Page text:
1 May 2012, Cairo – Cutaneous leishmaniasis is highly prevalent in the WHO Eastern Mediterranean Region. The disease is endemic in 18 out of the 23 countries and, despite not being fatal, it causes immense stigma affecting the social and economic well-being of affected people and communities. Cutaneous leishmaniasis is a potentially severe or disfiguring disease. Patients with cutaneous leishmaniasis have one or several long-lasting lesions on the skin, usually without fever or general symptoms.
Leishmaniasis is a poverty-related disease. It affects the poorest of the poor and is associated with malnutrition, displacement, poor housing, illiteracy, gender discrimination, weakness of the immune system and lack of resources. Leishmaniasis is also linked to environmental changes, such as deforestation, building of dams, new irrigation schemes and urbanization, and the accompanying migration of non-immune people to endemic areas.
The WHO Eastern Mediterranean Region, which comprises 23 countries of the Middle East, North Africa and South West Asia, accounts for the highest burden of cutaneous leishmaniasis worldwide with over 100 000 cases reported per year. The actual number of disease cases is, however, estimated to be three to five times higher. Many patients suffering from cutaneous leishmaniasis never seek medical attention, and not all patients with a diagnosis are reported to health authorities, contributing to a fewer number of cases being recorded.
Cutaneous leishmaniasis is complex to treat and control. The several leishmaniasis species causing the disease, the transmitting vector and the geographical distribution of the disease across the Region makes it difficult for a single, ready-to-use method of control and treatment. WHO is committed to providing technical support to countries for its control and has recently developed the first “Strategic plan on cutaneous leishmaniasis control for the WHO Eastern Mediterranean Region: 2012–2016” and guidelines for case management of the disease. This strategic plan provides a standardized framework for countries, making it easier to monitor and evaluate the progress in the efficacy of medicines and the control of cutaneous leishmaniasis. The case management guidelines provide essential information on the parasite, on the way it is transmitted and spreads, on how to make the diagnosis and how to treat patients. It is expected that the plan and guidelines will reduce people’s suffering from this disease and will have a positive impact on people’s health in the Region.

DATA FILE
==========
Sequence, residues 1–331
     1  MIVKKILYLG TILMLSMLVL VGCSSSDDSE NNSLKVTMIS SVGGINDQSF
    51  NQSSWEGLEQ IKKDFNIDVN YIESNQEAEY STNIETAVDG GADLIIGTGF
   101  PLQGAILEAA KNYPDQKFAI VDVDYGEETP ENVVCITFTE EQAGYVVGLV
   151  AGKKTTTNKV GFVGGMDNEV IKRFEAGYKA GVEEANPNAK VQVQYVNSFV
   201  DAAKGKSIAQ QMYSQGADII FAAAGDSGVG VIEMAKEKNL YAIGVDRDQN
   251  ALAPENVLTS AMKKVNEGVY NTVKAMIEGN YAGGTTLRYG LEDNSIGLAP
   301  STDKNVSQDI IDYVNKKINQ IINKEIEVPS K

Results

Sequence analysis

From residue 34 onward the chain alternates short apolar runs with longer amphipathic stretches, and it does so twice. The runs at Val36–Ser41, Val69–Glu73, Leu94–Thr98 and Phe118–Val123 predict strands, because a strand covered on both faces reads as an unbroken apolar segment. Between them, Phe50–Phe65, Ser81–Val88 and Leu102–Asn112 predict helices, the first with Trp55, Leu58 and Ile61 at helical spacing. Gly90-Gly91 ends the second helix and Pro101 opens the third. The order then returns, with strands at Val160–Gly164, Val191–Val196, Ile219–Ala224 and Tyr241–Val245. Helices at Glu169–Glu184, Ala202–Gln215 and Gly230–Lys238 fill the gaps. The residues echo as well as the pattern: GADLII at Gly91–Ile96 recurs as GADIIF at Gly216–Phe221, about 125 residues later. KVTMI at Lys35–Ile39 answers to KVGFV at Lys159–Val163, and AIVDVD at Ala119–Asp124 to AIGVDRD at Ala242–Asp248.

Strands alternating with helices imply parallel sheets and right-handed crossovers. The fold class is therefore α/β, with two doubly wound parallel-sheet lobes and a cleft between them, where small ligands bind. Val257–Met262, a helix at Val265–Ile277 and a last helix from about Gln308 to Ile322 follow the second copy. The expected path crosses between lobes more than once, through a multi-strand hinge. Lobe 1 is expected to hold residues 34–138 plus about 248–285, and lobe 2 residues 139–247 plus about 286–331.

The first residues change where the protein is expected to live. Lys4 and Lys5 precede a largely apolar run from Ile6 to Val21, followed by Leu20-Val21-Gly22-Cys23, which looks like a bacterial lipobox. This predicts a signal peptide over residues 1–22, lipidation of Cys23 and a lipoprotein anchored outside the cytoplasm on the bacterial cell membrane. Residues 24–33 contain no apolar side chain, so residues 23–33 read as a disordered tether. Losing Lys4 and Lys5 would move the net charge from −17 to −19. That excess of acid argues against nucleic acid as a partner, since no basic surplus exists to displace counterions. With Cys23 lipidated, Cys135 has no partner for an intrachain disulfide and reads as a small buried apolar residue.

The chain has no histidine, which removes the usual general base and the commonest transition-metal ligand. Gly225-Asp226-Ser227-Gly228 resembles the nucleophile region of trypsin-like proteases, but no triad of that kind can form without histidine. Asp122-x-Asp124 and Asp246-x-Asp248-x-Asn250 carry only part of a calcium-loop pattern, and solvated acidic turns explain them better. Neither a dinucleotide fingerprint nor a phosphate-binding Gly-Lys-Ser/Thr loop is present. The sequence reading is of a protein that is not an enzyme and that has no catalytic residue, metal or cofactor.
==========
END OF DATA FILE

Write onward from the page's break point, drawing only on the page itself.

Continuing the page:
The launch of the strategic plan and guidelines coincides with a 3-day meeting of programme managers from countries of the Region. The meeting, being held at the WHO Regional Office, Cairo, from 30 April to 2 May, 2012, will review cutaneous leishmaniasis control activities in the Region.